Money Diary: A 30-Year-Old Trainee Teacher In Southwest England

Welcome to Money Diaries, where we're tackling what might be the last taboo facing modern working women: money. We're asking a cross-section of women how they spend their hard-earned money during a seven-day period – and we're tracking every last penny.
This week: "I'm a 30-year-old trainee teacher living in southwest England. I moved to the UK in September 2021 after five years of living in Australia with my British husband. We hadn’t been home in over three years so we both felt it was time to rip off the Band-Aid and move to the UK. Simultaneously, I wanted to leave my job in tech and retrain as a teacher. It's something I’ve wanted to do for quite some time but kept putting travelling and living overseas ahead of it. When we got back to the UK, we moved in with my husband’s parents as they live a commutable distance to my university and have plenty of room in their house. I started my PGCE in September and will graduate in June, which is when we plan to buy a house in Cornwall. My finances are completely joint with my husband so for the purpose of this money diary I will detail both his and my income/expenditure."
Occupation: Trainee teacher 
Industry: Education 
Age: 30 
Location: Southwest England 
Salary: My salary: £0. Husband's salary: £350/day. 
Paycheque amount: Unsure about the exact amount as my husband has just started this role/day rate. It was previously £3,800 a month. 
Number of housemates: Four: J (husband), J’s parents and J’s dog. 
Pronouns: She/her
Monthly Expenses 
Housing costs: £250 but this is more to cover food. We did offer J’s parents more but they only wanted us to cover our food expenses. We really appreciate their generosity for this year, allowing us to save more. 
Loan payments: £9,250 student loan. This will start to be taken from my pay when I start teaching in September 2022 (fingers crossed). My husband has no debt. 
Savings? £92,000 in premium bonds (this is our house deposit, which is getting better returns in bonds – we add £2,000 to this every month), £8,000 in a LISA (we maxed both of ours so we can get the £1,000 bonus each next year to go towards our house costs), £12,400 in stocks and shares, £2,000 in crypto, £3,940 spread across sinking funds (emergency fund, gift fund, holiday fund, appointments fund, sports equipment fund). I also ran my own business in Australia as a part-time hobby so I have approx £2,200 in an account which I still need to move over to my UK bank. 
Pension? I don’t have a pension and wasn’t eligible to pay into one in Australia so I set aside money every month to go into stocks and shares. My husband pays into his pension 7%, which his employer matches. However now he is contracting he will set up a private pension contributing the same amount.
Utilities: Car insurance £48 (this covers me, my husband and his parents). Car tax we paid in full last June for the year.
All other monthly costs: £60 phone, £89 CrossFit gym, £160 Squarespace (yearly). Subscriptions: £13.99 Spotify (Premium Duo covers both our accounts), £9.99 Netflix.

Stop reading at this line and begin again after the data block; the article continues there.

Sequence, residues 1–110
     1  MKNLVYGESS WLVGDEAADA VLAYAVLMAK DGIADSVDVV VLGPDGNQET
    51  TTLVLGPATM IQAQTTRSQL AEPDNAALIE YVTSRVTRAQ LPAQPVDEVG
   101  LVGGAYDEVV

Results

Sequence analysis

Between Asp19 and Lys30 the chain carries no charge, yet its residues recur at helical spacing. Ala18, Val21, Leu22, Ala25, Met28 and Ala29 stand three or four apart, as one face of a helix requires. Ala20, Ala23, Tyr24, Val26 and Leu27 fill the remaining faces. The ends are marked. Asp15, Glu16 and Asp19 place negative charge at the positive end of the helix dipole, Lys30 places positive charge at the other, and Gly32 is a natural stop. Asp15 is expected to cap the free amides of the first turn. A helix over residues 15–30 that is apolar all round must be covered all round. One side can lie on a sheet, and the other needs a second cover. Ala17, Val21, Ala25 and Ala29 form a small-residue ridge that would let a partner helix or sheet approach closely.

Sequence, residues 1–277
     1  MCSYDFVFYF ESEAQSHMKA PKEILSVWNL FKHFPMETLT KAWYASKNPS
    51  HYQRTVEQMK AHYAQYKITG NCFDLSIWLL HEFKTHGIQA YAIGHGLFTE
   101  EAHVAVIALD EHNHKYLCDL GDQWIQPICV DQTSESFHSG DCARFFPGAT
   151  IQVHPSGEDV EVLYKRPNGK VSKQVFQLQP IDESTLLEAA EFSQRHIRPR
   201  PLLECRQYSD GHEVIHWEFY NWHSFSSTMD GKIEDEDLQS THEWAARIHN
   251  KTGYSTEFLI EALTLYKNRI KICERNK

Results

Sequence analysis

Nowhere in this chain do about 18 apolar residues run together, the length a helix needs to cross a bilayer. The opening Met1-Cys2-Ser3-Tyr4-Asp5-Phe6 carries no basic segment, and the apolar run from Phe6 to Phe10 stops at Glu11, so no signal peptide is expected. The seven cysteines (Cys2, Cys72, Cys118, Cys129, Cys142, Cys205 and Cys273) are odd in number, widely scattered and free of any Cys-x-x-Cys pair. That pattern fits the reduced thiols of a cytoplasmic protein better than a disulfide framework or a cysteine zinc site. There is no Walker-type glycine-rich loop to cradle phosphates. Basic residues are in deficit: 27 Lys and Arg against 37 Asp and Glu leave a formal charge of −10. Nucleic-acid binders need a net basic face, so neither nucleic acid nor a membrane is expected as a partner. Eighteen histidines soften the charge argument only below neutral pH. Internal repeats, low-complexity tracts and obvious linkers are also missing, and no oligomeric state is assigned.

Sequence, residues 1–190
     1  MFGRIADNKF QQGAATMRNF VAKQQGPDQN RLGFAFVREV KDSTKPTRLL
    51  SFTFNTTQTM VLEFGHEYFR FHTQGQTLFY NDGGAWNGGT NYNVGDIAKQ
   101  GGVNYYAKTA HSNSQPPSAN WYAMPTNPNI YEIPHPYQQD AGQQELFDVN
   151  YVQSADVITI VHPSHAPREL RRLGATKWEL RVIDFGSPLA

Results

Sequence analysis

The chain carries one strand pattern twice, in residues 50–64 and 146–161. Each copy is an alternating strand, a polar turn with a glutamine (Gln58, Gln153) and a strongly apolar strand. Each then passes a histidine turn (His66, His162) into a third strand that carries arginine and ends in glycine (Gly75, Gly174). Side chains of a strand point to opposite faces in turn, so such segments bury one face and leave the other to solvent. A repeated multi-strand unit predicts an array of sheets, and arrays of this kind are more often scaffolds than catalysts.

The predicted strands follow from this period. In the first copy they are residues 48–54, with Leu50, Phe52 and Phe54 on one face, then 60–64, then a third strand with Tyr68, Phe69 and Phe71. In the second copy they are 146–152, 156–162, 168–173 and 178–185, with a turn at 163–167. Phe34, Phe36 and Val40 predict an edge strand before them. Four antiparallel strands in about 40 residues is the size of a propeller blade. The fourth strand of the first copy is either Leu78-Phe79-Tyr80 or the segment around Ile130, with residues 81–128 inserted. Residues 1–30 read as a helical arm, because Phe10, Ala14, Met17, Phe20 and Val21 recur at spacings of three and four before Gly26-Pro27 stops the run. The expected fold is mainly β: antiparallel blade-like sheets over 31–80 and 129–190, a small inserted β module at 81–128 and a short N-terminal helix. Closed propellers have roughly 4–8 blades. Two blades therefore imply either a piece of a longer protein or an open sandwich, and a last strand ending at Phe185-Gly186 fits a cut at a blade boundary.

Did you participate in any form of higher education? If yes, how did you pay for it? 
Education is free from my home country and my parents paid for my housing/living expenses as I went to uni a few hours away from where they live. 
Growing up, what kind of conversations did you have about money?
Money wasn’t really discussed when I was growing up, except that the only debt I should ever take on is a mortgage. Our house and cars were ordinary compared to my peers, however we went on about five or six overseas holidays every year, which I thought was normal but in hindsight it’s definitely not and something I absolutely would not be able to provide to my own children. 
If you have, when did you move out of your parents'/guardians' house?
I moved out when I was 18 to attend university and I never moved back in. 
At what age did you become financially responsible for yourself? Does anyone else cover any aspects of your financial life?
When I graduated university I moved to the US, then Canada, then back to Europe, then finally Australia in 2016, all funded by myself. Up until September last year when I moved into my in-laws' I was financially responsible for myself. Now my husband is supporting me, and his parents are supporting us by not charging us for rent/bills etc. 
What was your first job and why did you get it?
When I was 16 I got a job as a barista for a bit of pocket money.
Do you worry about money now?
Although I’ve been fortunate to receive some inheritance and have the opportunity this year to save a lot I do still sometimes worry about money as the starting salary for a teacher is quite low compared to the salary I was on in the tech industry. I got interested in personal finance in my mid 20s and have since read a lot of books and regularly listen to finance podcasts so I feel I am equipped with enough knowledge and understanding to make the most out of my salary when I do start teaching. 
Do you or have you ever received passive or inherited income?
£50,000 of our savings was a combination of inheritance. My husband and I both received similar figures of money from grandparents we unfortunately lost. £10,000 is from a redundancy payment I received from my last job (they offered me an excellent redundancy package a week before I was about to hand in my notice and tell them I was moving to the UK, which was unbelievably lucky).